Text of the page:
The 10-inch infotainment screen (running new software that can take OTA updates) is fixed to the flat dash in a way that makes it look like its holding it together, and it frees up tonnes of storage spaces. Handy for face masks, sanitisers and the rest of your COVID-survival toolkit, while making the central tunnel storage free for other stuff. The gear shifter sits high up and close to the wheel simply because if you didn't want the two-tier central storage (with a cooled box) you could opt for a jump seat in the middle, or nothing at all to make walking into the second row easier, expanding your Defender's versatility even further.
The new Pivi Pro infotainment deserves special mention, being far more fluid and easier to use on the go, even giving you one-touch shortcuts to the supremely useful 360-degree cameras when you've got your smartphone on the screen. The cameras take some getting used to, since the field of view doesn't quite match what you see in the narrow outer mirrors, but you soon learn to trust them. The ClearSight inner rear view camera is especially useful, since the headrests and tailgate-mounted spare don't leave you with much visibility out the rear. The features list is long, even on this mid-range SE model, with multiple USB/12V charge points, keyless entry, a great Meridian sound system, 12-way powered front seats, 360-degree camera and ClearSight, two-zone climate control, and more.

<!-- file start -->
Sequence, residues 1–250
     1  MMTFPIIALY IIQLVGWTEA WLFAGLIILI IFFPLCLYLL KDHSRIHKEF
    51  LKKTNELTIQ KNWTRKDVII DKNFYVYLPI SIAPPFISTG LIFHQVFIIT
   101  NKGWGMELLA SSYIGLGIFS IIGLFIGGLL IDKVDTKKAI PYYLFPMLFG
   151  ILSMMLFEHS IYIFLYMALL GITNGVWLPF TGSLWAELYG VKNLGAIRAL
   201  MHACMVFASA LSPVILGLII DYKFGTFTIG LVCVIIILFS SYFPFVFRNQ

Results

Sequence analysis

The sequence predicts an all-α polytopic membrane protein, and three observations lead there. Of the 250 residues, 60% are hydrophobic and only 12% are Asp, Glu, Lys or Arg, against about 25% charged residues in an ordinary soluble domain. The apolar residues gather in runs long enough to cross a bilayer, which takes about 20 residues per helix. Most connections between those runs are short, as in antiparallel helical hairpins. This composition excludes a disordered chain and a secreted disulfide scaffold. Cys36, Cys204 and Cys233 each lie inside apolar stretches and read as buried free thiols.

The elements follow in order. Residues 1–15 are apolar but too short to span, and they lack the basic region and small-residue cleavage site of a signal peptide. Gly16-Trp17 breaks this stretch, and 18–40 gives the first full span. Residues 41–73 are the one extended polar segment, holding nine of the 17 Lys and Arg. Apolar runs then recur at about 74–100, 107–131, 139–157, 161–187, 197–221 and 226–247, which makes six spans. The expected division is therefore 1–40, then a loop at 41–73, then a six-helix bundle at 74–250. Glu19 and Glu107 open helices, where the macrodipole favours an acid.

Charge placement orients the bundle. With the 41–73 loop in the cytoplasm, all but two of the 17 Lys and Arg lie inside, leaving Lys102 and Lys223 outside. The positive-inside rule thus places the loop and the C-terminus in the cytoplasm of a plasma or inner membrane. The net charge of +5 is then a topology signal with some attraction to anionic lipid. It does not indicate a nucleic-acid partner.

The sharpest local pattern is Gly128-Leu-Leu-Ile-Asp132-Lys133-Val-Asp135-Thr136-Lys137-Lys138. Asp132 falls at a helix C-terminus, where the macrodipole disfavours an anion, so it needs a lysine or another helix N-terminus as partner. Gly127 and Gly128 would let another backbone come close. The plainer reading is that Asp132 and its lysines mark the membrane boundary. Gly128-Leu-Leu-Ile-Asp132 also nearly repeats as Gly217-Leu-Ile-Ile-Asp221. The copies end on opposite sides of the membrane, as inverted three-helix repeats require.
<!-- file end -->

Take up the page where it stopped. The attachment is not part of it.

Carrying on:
Sat in the second row, you're treated to a great view out the panoramic sunroof, with a comfortable bench that slides and reclines. Third row occupants better be kids, since the 5+2 seating is best suited to them, though the novel Alpine windows add an extra dimension to the roominess. The tailgate mounted full-size spare brings with it extra peace of mind, and the tailgate swings open to reveal 231-litres of boot space with the third row in place (916-litres with it down), against something like the Audi Q7's 295-litres, though the spacesaver in that car did negate the larger number.
Land Rover Defender engine and performance
Armed with a 2-litre, four-cylinder Ingenium turbo-petrol, the 2.3-tonne Defender may seem a little under-engined, but its 300PS/400Nm outputs are fairly healthy. In the city, you'll find that the impressively silent engine gets the job done, with smooth, seamless shifts from the 8-speed automatic.